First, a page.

Dr. Walton M. Belle, longtime Richmond surgeon and team doctor for VUU Panthers, dies at 91
Jeremy M. Lazarus | 9/9/2021, 6 p.m.
Dr. Walton McNeil Belle Sr. combined surgery with a flair for business.
Along with saving lives on the operating table, Dr. Belle developed a medical office building in North Side, owned multiple storefronts on Brookland Park Boulevard near his offices and purchased with partners three flourishing Richmond radio stations.
His role in medicine and the community is being remembered following his death on Wednesday, Sept. 1, 2021. He was 91.
His life was celebrated during a funeral service at the Joseph Jenkins Jr. Funeral Home Chapel on Saturday, Sept. 4. He was interred in Riverview Cemetery.
A Richmond native and U.S. Army veteran, Dr. Belle graduated from Virginia Union University and was accepted at Meharry Medical College in Nashville, Tenn. After graduating with honors in 1958, he stayed in Nashville to develop his surgical skills through an internship at Hubbard Hospital.
He moved his family back to Richmond in 1964, where he practiced until his retirement 35 years later in 1999.
During his career, he served as the team physician for VUU’s football and men’s and women’s basketball teams. He continued in that role for another 15 years after he retired from active practice.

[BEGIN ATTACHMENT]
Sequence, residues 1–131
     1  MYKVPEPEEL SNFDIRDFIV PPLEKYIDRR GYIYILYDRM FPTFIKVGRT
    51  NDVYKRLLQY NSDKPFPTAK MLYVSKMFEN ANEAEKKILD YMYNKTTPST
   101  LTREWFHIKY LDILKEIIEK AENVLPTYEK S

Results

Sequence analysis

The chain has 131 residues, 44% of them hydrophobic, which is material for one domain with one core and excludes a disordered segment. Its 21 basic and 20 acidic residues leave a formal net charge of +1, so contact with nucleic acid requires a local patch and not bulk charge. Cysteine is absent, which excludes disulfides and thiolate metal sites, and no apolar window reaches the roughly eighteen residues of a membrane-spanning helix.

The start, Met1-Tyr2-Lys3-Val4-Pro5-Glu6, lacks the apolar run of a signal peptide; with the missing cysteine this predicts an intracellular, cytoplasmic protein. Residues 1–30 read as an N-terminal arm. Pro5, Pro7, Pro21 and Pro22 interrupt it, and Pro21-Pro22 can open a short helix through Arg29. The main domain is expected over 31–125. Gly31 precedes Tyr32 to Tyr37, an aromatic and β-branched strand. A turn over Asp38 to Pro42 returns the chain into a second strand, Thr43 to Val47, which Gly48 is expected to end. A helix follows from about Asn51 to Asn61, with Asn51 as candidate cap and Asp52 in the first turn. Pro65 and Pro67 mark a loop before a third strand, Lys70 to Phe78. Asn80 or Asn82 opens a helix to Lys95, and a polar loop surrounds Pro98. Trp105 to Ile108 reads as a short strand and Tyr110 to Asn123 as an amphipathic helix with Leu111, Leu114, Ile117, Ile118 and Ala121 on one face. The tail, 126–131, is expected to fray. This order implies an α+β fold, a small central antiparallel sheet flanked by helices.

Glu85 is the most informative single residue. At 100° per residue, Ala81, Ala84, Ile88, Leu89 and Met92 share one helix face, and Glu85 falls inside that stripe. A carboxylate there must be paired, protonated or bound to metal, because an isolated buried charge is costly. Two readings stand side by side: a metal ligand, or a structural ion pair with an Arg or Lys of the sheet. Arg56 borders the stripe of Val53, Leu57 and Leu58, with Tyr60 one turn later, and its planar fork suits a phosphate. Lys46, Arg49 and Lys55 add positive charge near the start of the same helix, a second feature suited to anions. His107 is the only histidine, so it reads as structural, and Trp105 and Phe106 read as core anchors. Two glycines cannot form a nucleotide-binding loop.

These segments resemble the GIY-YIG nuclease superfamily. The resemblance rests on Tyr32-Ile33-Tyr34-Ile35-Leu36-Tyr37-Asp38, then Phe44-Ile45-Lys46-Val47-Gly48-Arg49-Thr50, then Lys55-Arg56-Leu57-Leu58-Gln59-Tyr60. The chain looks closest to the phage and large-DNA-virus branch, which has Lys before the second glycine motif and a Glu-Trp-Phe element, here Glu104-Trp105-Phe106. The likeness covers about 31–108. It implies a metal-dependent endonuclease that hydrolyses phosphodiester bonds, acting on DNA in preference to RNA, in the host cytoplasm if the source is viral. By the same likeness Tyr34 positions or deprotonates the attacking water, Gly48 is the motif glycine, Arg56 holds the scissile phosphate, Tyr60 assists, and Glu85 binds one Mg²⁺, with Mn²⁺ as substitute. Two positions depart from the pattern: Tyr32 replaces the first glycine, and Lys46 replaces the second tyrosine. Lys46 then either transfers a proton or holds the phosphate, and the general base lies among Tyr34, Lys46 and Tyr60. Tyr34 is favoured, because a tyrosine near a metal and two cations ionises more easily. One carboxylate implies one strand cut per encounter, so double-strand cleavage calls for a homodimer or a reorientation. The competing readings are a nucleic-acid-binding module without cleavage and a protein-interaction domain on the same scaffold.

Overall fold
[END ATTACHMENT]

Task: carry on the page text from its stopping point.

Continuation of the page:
Dr. Belle also influenced the North Side. He developed a medical office building at 2809 North Ave. that is now a clinical operation for the Capital Area Health Network. He bought and leased space to barbers, beauticians and retailers in the retail area near his offices.
Around 1979, he got interested in radio and bought the small station now known as WREJ. He later partnered with Dr. Charles Cummings of Richmond, two Washington physicians and sta- tion manager Larry Jones to add two other stations, WKJS and WSOJ, in building what was then one of the largest Black-owned chains of broadcast outlets in Virginia.
In 1999, he and his partners shared a $6 million profit when media magnate Cathy Hughes and her son, Alfred Liggins III, owners of the corporation now known as Urban One, bought the seven stations most Black Richmond residents listened to, including WKJS and WSOJ. (Currently, Urban One is seeking to build a casino in the city.)
Dr. Belle also was long active at Third Street Bethel AME Church. A 400-seat theater that is part of a multipurpose events and meeting addition to the sanctuary is named in honor of him and his family.
Dr. Belle was predeceased by his wife, Armond Belle.
Survivors include his son, Walton M. Belle Jr., a Nashville architect; two daughters, social worker Claudia B. Davis and physician Dr. Cheryl B. Bradley; three sisters, Dr. Joan Chris- tian, Laverne Jeter and Eulalia Lee; six grandchildren; and three great-grandchildren.